I'm not a fan of the whole "sad things on index cards" schtick, but that's the territory my games tend to inhabit. I prefer to quickly write something down on the fly, then throw it away when it's no longer relevant...rather than write it on a character sheet, rub it out, write something else, rub that out...etc.
If this mutant animal game is going to be based on FUBAR, then it's definitely going to fall into the "sad things on index cards" genre, but I'm thinking pocketmods for the character books.
Title: character's name, their animal type, a couple of permanent traits that define them, and a picture.
First opening: the core stats that you need for play.
Middle opening: quirky animal powers and likely transformative effects when mutagenic weapons are used on the character (evolution and devolution)
Back opening: character history, and relationships (to people, places and things)
Back page: unsure (maybe a quick rule recap, maybe an equipment list...I don't know yet)
I've also been thinking of a major revision to FUBAR, nothing as dramatic as what I've been doing with Walkabout (which is also a direct descendent of FUBAR), more of a linguistic clarification. This has come from looking at +Jeremy Keller's Tech Noir and from studying linguistics at university at the moment.
I really like the idea of using nouns, adjectives and verbs as procedural elements in play. They add structure to a freeform system that is designed to simulate storytelling rather than the mechanisms and physics of the world.
I'm thinking of renaming all of the FUBAR skills into verbs for this game...then when the GM asks a player what they are doing, the player can respond with a gramatically correct Subject-Verb-Object sentence using the specific traits they are using in the game. "I (the subject) am going to Run (the verb) to the Car (the object)". This means we can apply bonus traits as adverbs to the action ("run quickly"), or add more significance and interest to the subjects and objects through adjectives ("the high-performance, expensive car"). If a character wants to do something to achieve a story goal, they still eliminate tokens from the GMs pool to get closer to the conclusion, but if they want to modify an action or a target object, their successes basically add or subtract adjectives or adverbs.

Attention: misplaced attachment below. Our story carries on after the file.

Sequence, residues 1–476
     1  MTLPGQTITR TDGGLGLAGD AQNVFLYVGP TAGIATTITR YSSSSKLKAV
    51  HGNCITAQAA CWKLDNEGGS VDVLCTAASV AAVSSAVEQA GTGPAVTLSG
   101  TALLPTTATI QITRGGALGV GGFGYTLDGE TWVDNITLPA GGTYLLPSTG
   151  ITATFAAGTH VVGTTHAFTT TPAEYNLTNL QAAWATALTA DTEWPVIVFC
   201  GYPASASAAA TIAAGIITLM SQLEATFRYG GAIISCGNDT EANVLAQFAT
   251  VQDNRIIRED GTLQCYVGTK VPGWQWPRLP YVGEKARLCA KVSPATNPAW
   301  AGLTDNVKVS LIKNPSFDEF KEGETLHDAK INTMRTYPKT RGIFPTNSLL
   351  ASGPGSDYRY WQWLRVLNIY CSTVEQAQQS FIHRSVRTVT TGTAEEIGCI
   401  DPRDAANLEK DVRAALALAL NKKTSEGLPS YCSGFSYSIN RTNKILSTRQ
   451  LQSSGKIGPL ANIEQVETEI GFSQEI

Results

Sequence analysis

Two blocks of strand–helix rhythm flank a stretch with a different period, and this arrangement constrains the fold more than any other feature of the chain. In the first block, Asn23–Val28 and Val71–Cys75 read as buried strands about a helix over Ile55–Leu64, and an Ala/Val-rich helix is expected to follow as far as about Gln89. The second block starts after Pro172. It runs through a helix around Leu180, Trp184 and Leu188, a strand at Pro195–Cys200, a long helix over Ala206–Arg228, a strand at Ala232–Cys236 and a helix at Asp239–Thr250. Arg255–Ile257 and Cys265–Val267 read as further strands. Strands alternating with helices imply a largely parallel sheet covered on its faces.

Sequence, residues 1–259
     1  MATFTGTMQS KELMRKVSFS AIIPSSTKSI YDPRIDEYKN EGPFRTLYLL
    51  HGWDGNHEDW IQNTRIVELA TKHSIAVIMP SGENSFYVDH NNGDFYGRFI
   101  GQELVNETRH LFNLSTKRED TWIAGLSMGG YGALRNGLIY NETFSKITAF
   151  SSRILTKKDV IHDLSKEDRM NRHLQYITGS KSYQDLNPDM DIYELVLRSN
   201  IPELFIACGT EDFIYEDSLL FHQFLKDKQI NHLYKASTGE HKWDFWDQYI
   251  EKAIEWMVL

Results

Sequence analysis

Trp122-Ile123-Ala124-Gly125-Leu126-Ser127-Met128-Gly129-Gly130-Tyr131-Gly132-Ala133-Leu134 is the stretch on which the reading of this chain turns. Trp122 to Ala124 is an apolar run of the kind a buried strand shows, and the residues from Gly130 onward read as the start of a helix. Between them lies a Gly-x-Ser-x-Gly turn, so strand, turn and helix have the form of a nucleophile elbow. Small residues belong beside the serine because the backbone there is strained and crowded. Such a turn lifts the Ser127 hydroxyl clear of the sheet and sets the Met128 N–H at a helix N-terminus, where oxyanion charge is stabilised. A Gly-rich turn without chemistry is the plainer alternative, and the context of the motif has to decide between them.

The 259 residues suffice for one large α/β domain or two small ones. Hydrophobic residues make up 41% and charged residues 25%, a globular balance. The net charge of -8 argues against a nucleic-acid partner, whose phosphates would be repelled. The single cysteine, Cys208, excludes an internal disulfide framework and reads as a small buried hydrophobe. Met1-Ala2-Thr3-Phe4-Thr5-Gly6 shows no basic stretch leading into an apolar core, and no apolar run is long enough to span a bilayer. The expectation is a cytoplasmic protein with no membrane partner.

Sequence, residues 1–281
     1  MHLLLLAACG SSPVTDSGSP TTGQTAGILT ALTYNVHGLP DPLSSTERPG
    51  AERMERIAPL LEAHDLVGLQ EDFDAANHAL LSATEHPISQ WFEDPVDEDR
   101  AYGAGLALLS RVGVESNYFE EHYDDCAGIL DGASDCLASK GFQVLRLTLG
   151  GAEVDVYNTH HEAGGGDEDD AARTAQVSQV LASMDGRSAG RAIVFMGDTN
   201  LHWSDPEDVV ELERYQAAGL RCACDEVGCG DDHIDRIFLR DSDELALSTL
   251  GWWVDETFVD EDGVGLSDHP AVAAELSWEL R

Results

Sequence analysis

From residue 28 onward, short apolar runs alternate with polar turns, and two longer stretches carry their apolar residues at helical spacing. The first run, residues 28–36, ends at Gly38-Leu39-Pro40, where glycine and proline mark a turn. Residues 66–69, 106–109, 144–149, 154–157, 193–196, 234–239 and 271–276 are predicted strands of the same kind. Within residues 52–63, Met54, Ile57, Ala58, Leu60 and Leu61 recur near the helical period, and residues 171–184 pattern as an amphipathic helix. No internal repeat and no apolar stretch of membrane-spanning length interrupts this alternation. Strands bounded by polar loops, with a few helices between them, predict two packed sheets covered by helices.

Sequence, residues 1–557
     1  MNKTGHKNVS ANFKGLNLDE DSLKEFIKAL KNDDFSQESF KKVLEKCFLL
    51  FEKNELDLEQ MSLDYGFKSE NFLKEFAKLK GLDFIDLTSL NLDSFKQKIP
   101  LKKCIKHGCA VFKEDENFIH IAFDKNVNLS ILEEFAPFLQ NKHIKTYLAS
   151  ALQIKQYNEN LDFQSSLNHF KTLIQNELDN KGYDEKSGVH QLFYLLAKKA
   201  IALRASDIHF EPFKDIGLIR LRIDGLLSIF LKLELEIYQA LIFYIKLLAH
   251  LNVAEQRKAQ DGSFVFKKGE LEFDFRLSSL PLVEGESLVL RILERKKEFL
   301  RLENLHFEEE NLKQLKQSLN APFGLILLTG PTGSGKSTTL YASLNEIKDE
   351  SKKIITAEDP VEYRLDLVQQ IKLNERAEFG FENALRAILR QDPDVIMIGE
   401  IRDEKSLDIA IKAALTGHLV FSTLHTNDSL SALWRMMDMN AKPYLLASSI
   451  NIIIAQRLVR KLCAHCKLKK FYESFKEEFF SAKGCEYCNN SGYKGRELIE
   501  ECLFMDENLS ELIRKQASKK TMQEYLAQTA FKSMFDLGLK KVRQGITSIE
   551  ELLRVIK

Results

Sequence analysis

I think this might make it more logical for new players as well.
I thought anout this last night when I was digging through my hard drive and found a players guide to FUBAR that I had written a couple of years ago. Most of the ideas from that guide have found their way into Walkabout, but there are a few core concepts that have just sat in the shadows waiting for the right time to come out.